His death on Aug. 25, 1945, was commemorated by the anti-communist group
It was one of the last deaths of World War II, but its legacy had a lasting effect on our politics.
Seventy years ago Tuesday—on Aug. 25, 1945— a 26-year-old Army Air Force captain named John Birch was killed by communists in China at the twilight of World War II, after Japan announced its surrender. Some 13 years later, the John Birch Society–named for the young soldier–was founded to expose what they saw as rampant communism within the United States.
The secretive group wasted little time fanning the flames of anti-communist sentiment, with TIME reporting in 1961 on their theories about leftist agents in high-ranking government positions—including, they posited, Dwight Eisenhower. That report was read into the Congressional record a few weeks later and inspireddebate on the Senate floor.
The group’s namesake was apt. As TIME reported, Birch was a champion crusader:
John Birch was born in Landour, India, to a husband-and-wife team of missionaries. When John was two years old, his family returned to the U.S., and he was raised in New Jersey and Georgia. In 1939 Birch graduated from Georgia’s Baptist-controlled Mercer University as the top man in his class, leaving behind him a record that is still recalled. “He was always an angry young man, always a zealot,” says a classmate. “He felt he was called to defend the faith, and he alone knew what it was.” Says a psychology professor: “He was like a one-way valve: everything coming out and no room to take anything in.”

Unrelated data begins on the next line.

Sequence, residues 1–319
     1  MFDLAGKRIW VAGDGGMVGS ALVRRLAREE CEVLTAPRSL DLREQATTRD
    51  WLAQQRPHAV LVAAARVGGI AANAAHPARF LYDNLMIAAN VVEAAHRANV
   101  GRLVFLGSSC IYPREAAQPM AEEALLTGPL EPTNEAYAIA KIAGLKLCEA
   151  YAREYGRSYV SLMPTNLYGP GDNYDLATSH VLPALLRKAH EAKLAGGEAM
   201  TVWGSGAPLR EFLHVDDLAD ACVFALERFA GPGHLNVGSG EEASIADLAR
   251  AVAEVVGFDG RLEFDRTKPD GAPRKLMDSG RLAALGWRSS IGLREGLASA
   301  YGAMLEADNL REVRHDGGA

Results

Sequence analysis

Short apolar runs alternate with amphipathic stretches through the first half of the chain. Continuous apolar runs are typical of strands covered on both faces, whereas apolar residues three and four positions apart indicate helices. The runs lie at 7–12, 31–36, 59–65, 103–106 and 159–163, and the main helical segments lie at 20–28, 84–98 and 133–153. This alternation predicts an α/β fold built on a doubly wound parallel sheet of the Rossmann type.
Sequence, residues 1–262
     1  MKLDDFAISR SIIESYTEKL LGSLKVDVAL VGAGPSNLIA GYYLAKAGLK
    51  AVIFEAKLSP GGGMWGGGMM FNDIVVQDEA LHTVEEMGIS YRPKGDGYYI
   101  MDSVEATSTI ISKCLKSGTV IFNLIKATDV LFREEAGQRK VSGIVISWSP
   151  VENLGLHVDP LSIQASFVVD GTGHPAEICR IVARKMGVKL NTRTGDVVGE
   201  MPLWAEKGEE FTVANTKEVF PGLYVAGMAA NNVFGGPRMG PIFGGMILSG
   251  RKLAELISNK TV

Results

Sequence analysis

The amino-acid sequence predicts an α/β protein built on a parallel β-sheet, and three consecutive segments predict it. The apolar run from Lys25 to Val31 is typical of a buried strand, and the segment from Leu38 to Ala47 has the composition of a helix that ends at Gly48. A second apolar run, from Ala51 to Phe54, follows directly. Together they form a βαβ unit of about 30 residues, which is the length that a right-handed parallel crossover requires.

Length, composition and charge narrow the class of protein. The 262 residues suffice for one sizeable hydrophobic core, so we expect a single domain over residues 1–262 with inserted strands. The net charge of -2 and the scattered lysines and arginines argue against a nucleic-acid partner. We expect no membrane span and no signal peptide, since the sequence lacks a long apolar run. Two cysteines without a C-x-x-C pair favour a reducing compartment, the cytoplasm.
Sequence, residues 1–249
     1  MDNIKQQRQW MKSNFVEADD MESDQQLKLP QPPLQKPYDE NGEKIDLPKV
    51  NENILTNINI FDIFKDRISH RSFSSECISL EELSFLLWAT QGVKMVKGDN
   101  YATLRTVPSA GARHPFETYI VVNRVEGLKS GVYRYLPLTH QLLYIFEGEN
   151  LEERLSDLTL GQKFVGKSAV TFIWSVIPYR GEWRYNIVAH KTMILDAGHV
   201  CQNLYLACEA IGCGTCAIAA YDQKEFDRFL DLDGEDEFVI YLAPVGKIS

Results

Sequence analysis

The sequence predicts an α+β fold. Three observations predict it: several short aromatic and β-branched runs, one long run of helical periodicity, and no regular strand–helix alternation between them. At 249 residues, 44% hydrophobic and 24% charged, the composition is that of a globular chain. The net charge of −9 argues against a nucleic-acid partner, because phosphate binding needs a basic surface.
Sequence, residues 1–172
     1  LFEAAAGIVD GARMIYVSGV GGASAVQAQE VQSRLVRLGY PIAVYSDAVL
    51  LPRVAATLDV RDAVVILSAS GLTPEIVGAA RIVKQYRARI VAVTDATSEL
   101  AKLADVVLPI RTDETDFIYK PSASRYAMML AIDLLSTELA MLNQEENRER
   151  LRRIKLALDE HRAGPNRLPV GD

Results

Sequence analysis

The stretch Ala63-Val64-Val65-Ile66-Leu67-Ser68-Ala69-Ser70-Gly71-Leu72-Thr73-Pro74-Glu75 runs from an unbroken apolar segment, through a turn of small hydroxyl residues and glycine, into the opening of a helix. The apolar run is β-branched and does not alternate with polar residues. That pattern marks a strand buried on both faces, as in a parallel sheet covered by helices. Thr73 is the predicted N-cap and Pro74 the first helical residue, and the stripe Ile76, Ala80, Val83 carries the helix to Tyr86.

In his senior year, Birch organized a secret “Fellowship Group” and set out to suppress a mildly liberal trend at Mercer. He and twelve colleagues collected examples of “heresy” uttered by faculty members (example: a reference to evolution), whipped up support among Georgia’s Baptist clergy, finally forced the school to try five men on the charge. Mercer eventually dismissed the cases, but not before admonishing 75-year-old Dr. John D. Freeman, a world-famous Baptist leader, for using a theologically “unsound” textbook. That summer Dr. Freeman quietly retired from Mercer. Says a professor: “It broke him.”
[caption id="attachment_86069" align="alignleft" width="155"] New England Rally for God, Family & Country by the John Birch Society Exhibit held at the Statler Hilton Hotel on Park Square, Boston, 1972.[/caption]
After school, Birch followed his parents’ lead in becoming a missionary. He was serving in China when World War II arrived. In 1942, after meeting survivors of the U.S. air raid on Tokyo, Birch decided to enlist and was assigned to work behind enemy lines in China.
Read more from 1961, here in the TIME Vault: Who Was John Birch?